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requiring thousands of hours of effort. for example, one one of secretary clinton's servers was decommissioned in 2013, the e-mail software was removed. that didn't remove the e-mail content, but it was like removing the frame from a huge unfinished jigsaw puzzle and dumping all the pieces on the floor. the effect was that millions of e-mail fragments ended up in the server's unused or slack space. we searched through all of it to understand what was there and what parts of the puzzle we could put back together again. fbi investigators also read all of the approximately 30,000 e-mails that secretary clinton provided to the state department in 2014. where an e-mail was assessed as possibly containing classified information, the fbi referred that e-mail to any government agency that might be an owner of that information so that agency could make a determination as to
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whether the e-mail contained classified information at the time it was sent or received or whether there was reason to classify it now, even if the content has not been classified when it was first sent or received. that's the process sometimes referred to as up-classifying. from the group of 30,000 e-mails returned to the state department in 2014, 110 e-mails in 52 e-mail chains have been determined by the owning agency to contain classified information at the time they were sent or received. eight of those chains contained information that was top secret at the time they were sent. 36 of those chains contained secret information at the time. and eight contained confidential information at the time. that's the lowest level of classification. separate from those, about 2,000 additional e-mails were
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up-classified to make them con tenl. those e-mails had not been classified at the time they were sent or received. the fbi also discovered several thousand work-related e-mails that were not among the group of 30,000 e-mails returned by secretary clinton to state in 2014. we found those e-mails in a variety of ways. some had been deleted over the years and we found traces on them on servers or devices connected to the private e-mail domain. others we found by reviewing the archive government accounts of people who had been government employees at the same time as secretary clinton, including high ranking officials at other agencies, folks with whom a secretary of state might normally correspond. this helped us recover work-related e-mails not among the 30,000 produced to state. still others we recovered from the painstaking reviews of the millions of e-mail fragments dumped into the slack space of the server decommissioned in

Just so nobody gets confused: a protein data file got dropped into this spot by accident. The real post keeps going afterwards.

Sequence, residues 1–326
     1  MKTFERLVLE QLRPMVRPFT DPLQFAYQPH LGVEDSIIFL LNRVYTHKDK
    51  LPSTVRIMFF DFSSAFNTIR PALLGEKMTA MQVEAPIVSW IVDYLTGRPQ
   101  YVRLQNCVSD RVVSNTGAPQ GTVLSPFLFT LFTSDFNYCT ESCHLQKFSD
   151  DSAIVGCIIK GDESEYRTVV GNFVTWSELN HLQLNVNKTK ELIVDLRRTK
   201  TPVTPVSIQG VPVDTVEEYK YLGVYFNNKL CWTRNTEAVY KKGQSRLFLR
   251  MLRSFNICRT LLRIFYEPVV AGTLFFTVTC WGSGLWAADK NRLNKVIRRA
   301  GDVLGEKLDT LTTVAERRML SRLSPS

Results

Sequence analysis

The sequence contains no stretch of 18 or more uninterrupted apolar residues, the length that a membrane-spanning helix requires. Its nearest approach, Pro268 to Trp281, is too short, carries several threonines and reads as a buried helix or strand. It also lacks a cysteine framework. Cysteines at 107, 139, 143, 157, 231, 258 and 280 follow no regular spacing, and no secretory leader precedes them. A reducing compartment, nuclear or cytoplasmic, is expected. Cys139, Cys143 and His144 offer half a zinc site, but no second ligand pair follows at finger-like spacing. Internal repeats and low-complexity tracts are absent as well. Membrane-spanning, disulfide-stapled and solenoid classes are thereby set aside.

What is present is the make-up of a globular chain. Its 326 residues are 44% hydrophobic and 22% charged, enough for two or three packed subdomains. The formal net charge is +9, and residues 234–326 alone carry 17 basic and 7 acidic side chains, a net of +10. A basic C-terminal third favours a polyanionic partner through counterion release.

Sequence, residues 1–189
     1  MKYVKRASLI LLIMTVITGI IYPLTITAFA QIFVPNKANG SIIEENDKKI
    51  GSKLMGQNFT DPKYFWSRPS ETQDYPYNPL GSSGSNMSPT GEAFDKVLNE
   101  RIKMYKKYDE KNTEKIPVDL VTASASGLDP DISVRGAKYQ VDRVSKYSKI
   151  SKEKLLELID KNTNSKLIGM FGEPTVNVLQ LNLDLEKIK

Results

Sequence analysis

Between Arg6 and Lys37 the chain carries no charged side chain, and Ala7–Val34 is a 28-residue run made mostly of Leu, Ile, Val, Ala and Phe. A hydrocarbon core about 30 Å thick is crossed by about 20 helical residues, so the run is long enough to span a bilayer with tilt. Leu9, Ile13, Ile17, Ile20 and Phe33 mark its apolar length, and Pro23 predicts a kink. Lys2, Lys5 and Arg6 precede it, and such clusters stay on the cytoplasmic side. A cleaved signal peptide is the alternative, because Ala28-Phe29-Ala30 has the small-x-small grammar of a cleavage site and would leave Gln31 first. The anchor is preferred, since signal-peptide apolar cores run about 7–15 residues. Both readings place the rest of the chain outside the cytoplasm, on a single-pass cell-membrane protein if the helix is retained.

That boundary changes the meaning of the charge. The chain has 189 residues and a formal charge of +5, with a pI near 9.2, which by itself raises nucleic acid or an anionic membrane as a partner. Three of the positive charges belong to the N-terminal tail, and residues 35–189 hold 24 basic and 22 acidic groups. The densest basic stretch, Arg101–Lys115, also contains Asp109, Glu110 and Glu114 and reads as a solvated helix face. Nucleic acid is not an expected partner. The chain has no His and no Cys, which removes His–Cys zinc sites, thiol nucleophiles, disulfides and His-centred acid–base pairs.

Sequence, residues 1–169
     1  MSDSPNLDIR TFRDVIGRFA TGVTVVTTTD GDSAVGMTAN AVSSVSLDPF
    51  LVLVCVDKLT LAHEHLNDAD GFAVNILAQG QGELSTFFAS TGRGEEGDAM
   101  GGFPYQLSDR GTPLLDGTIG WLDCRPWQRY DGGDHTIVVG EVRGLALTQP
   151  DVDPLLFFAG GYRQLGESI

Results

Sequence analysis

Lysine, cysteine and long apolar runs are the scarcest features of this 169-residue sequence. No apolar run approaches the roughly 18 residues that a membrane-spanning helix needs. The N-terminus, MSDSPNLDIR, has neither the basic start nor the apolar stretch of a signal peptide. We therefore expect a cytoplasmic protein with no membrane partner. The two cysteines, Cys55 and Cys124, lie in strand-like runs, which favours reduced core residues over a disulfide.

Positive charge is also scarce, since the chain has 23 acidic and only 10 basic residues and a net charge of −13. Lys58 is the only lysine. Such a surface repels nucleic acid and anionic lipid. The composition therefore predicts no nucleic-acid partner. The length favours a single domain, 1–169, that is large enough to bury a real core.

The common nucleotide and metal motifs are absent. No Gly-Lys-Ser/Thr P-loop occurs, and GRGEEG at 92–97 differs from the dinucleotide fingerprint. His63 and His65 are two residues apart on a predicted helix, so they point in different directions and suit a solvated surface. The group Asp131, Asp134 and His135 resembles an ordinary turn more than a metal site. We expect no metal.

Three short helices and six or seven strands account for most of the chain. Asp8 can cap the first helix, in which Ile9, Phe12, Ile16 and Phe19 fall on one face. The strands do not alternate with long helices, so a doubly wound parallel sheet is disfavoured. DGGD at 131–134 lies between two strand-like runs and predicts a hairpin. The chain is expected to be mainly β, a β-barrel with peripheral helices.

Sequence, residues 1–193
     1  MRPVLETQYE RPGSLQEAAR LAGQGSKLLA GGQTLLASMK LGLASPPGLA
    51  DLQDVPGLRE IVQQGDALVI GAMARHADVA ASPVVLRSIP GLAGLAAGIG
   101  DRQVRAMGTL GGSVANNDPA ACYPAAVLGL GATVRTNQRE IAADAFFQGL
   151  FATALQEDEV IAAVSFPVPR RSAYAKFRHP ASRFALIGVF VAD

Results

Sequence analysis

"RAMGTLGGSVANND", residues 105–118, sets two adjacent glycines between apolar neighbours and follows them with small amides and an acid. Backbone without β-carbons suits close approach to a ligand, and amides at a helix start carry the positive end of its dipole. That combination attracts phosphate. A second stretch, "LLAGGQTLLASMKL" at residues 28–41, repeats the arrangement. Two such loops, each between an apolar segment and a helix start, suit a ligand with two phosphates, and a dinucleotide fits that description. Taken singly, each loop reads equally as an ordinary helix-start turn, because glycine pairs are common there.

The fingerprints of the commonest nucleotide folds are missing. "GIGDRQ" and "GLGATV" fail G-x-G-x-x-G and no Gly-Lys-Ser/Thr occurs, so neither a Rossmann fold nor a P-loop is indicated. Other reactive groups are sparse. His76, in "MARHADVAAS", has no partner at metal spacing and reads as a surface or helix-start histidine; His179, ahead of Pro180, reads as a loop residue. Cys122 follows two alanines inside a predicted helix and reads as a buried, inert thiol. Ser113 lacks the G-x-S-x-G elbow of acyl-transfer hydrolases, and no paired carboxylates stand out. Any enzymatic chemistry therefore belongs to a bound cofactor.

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2013. with respect to the thousands of e-mails we found not among those produced to the state department, agencies have concluded three of those were classified at the time they were sent or received, wurn at that time secret level and two at the confidential level. there were no additional top secret e-mails found. finally, none of those we found have since been up-classified. i should adhere that we found no evidence that any of the additional work-related e-mails were intentionally deleted in an effort to conceal them in some way. our assessment is that, like many e-mail users, secretary clinton periodically deleted e-mails or e-mails were purged from her system when devices were changed. because she was not using a government account or even a commercial account like gmail, there was no archiving at all of her e-mails. it's not surprising that we discovered e-mails that were not on secretary clinton's system in 2014 when she produced those
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30,000-some e-mails to state. it could also be that some of the additional work-related e-mails that we've recovered were among those deleted as personal by her lawyers when they reviewed and sorted her e-mails for production in late 2014. the lawyers doing the sorting for secretary clinton in 2014 did not individually read the content of all of her e-mails as we did for those available to us. instead, they relierd on header information and used search terms to try to find all work-related e-mails among the reportedly more than 60,000 that were remaining on hir system at the end of 2014. it's highly likely that their search missed some work-related e-mails and we later found them. for example, in the mail boxes of other officials or in the slack space of a server. it's also likely that there are other work-related e-mails they did not produce to state and that we did not find elsewhere and that are now gone because they deleted all e-mails they
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did not produce to state, and the lawyers then cleaned their devices in such a way as to preclude complete forensic recovery. we have conducted interviews and done technical examination to attempt to understand exactly how that sorting was done by her attorneys. although we don't have complete visibility because we're not able to fully reconstruct the electronic record of that sorting, we believe our investigation has been sufficient to give us reasonable confidence there was no intentional misconduct in connection with that sorting effort. of course, in addition to our technical work, we interviewed many people, from those involved in setting up the personal e-mail system and maintaining the various iterations of secretary clinton's server to staff members with whom she corresponded on e-mail, to those involved in e-mail production to state and finally secretary clinton herself. last, we have done extensive work to try to understand what indications there might be of